Wanted: Dead Review

Wanted: Dead Review

Wanted: Dead is a slasher and third person shooter that brings us a lot of action, in a very original way.

Wanted: Dead is a game developed by Soleil studio and published by 110 Industries. According to its publisher, this game is a love letter to the sixth generation of video game consoles. This game offers us a somewhat clumsy action, a good storytelling and a brutal challenge, which pushes us to the limit.

The story follows a week in the life of Hong Kong’s privatized Black Ops team, the “Zombie Unit” which is made up of ex-war criminals tasked with taking on the dirtiest deeds in Hong Kong’s underworld.

Led by Swiss agent Hannah Stone, the unit, despite the location, does not have a single Asian member, which I found quite curious.

This title from Soliel openly embraces its own horror, while occasionally surprising with the arrival of a cool character, a satisfying point of ultraviolence, or top-notch Carpenter-esque synth. All of the title’s high points fall with dumb, repetitive enemies, a barely relevant weapon customization system, relentlessly long stages, and just plain empty dialogue.

Wanted: Dead is set in an alternate cyberpunk future, Asia has thrived in the world of AI. post-Cold War market, dominated by humanoid developer Dauer Synthetics. But, a violent break-in at company headquarters forces Dauer into bankruptcy, leading to a corporate downfall and a massive rebellion by the synthetic population.

What ensues is a series of incredulous shooting galleries as Stone and his squad slaughter their way through one crime scene after another: Hannah’s expert marksmanship and samurai-level swordsmanship turn the opposition into a complete mush.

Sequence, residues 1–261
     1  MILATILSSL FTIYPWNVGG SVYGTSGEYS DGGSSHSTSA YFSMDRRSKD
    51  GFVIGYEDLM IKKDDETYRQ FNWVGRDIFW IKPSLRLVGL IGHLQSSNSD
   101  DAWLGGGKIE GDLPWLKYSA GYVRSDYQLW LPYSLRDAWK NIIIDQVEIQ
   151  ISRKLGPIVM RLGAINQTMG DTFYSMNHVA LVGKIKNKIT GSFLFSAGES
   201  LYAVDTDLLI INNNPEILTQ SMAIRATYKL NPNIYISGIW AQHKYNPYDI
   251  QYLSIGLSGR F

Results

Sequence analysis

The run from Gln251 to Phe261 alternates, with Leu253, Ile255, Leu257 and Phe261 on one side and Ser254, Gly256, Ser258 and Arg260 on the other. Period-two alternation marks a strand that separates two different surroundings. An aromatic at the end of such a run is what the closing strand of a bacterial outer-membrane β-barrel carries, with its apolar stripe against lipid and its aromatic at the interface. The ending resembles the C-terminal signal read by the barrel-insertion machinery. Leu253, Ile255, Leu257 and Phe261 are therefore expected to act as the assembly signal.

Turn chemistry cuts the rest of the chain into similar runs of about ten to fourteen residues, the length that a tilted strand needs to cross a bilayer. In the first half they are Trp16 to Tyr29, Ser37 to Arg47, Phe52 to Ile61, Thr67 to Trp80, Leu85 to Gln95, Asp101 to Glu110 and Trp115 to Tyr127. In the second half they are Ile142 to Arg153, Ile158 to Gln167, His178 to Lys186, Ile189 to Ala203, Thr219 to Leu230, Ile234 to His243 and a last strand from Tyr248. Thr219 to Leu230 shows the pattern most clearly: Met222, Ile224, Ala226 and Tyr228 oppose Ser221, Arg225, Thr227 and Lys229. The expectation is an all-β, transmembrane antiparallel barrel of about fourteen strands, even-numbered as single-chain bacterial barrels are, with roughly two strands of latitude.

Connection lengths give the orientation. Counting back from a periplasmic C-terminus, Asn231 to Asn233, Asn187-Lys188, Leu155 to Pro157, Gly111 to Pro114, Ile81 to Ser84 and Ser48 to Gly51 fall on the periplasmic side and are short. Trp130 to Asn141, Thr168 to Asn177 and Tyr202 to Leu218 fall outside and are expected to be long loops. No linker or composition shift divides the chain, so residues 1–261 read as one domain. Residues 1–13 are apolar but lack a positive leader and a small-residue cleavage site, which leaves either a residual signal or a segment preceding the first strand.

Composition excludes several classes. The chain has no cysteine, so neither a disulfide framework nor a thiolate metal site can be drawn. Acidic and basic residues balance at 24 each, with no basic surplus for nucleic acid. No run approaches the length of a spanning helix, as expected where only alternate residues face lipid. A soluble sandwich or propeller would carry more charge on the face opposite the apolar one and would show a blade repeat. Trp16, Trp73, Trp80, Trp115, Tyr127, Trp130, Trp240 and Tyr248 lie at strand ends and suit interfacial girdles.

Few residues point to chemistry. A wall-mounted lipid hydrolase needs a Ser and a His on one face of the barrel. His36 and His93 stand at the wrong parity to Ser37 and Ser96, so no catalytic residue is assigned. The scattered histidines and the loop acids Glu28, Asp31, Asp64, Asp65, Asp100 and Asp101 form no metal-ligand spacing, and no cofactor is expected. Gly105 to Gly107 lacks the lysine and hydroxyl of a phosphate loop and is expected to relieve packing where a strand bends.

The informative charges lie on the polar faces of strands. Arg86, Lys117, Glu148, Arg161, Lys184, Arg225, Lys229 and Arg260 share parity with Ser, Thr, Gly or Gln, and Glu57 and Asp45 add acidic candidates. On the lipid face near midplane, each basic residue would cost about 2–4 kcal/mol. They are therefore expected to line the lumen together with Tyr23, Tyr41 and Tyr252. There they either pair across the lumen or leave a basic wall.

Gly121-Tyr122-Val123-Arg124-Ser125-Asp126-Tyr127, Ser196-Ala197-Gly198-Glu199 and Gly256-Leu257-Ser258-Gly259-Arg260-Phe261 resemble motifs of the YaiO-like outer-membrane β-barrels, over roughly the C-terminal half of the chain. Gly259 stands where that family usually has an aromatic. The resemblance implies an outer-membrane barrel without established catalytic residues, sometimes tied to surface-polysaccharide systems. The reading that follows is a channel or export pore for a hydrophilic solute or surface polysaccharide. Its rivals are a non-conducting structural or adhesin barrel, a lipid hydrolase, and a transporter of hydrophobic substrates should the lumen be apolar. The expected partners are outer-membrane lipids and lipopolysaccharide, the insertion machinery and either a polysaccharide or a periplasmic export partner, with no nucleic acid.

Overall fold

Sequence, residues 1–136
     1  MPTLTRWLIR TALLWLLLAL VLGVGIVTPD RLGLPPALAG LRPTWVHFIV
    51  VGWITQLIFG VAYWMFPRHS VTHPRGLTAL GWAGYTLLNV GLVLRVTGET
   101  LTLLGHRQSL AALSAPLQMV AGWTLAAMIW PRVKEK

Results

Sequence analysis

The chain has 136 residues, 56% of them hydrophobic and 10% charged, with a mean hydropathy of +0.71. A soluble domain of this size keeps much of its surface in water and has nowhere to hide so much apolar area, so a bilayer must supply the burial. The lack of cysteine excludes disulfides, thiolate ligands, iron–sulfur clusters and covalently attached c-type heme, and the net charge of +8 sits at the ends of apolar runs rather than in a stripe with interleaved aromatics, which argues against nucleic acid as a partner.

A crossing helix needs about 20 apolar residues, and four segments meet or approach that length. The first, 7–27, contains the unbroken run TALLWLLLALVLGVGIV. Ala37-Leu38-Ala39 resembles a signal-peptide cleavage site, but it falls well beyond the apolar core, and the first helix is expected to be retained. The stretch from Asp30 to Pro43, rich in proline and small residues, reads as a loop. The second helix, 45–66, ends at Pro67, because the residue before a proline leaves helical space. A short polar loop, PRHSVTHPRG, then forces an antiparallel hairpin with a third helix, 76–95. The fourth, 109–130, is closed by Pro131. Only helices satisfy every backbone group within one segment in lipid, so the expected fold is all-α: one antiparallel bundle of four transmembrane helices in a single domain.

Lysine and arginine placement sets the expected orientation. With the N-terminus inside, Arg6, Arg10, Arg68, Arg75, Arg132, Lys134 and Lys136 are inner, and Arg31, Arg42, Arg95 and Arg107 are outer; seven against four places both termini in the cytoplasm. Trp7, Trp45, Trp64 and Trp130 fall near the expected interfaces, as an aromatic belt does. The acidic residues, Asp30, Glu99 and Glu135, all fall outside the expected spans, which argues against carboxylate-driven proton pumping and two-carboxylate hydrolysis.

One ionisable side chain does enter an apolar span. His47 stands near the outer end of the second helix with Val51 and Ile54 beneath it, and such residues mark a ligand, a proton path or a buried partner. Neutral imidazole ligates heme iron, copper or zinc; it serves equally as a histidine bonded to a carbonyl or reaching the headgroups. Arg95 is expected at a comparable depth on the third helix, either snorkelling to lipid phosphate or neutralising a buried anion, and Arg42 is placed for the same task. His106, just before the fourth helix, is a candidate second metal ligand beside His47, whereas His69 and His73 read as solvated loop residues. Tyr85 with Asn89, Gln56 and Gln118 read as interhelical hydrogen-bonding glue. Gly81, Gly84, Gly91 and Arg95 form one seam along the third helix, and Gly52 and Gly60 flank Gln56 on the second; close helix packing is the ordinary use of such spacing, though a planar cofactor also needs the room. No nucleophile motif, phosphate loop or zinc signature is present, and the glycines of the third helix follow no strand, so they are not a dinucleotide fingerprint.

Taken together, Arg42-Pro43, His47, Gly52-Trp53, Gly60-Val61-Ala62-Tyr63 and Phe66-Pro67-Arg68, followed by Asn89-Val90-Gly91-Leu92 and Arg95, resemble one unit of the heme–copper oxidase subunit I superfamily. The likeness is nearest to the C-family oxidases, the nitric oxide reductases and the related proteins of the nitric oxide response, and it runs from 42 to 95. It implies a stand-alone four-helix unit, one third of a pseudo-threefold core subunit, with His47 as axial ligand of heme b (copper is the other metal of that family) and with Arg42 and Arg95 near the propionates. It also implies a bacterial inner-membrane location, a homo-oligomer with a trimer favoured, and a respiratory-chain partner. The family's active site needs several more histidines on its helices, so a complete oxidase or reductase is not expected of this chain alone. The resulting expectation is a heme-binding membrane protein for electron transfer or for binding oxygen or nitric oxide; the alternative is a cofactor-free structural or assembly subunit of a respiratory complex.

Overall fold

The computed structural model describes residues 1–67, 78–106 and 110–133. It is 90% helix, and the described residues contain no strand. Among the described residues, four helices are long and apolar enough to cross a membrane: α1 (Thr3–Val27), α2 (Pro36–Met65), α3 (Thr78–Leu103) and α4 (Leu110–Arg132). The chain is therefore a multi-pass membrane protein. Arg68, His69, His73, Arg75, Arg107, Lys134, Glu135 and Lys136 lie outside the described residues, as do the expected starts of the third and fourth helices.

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There is an inherent “evil” to the action, vulgarity, and narrative of Wanted: Dead. He knows that he is being rude, unpleasant and superficial. And yet, even in our highly evolved gaming world, there’s something appealing about its simplistic coarseness.

Wanted: Dead is really hard, with painful restart points, an awkward cover system, and sword fights that, while satisfying and dynamic, land Hannah in the morgue after only a few missteps. Sometimes the game is overly difficult. It will set you up with a brutal mid-boss battle only to then not reward you with a checkpoint immediately after.

The gameplay in Wanted: Dead is archaic by design. While the game is playable, enjoyable, and compelling, it’s incredibly similar, sprawling, and seriously lacking in variation.

Still, there’s something so appealing about the simplicity of the whole thing, a flower of unbridled indulgence growing from a patch of land. The characters are all universal dorks. Some of the dialogue is terribly meaningless.

As for the score, it’s legitimately great, with a plethora of original songs alongside a handful of ’80s covers.

It’s this curious amalgamation of design that keeps the Wanted: Dead blood pumping. Every time you start to get tired of the very strict old school gameplay mechanics, one of Vivienne’s cats will break the fourth wall, or you’ll run into a really cool stage or boss character.

In conclusion

Wanted: Dead is a game that lacks much sense, with a very strict gameplay that is not very enjoyable for many. The relentless gameplay and repetitive action will leave some utterly appalled, but the beaming cast of reprobates, the silly minigames, the bewildering dialogue, the original story and characters will make many of us enjoy this crazy game.

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This review was made thanks to a copy for PS5 provided by 110 Industries
Wanted dead review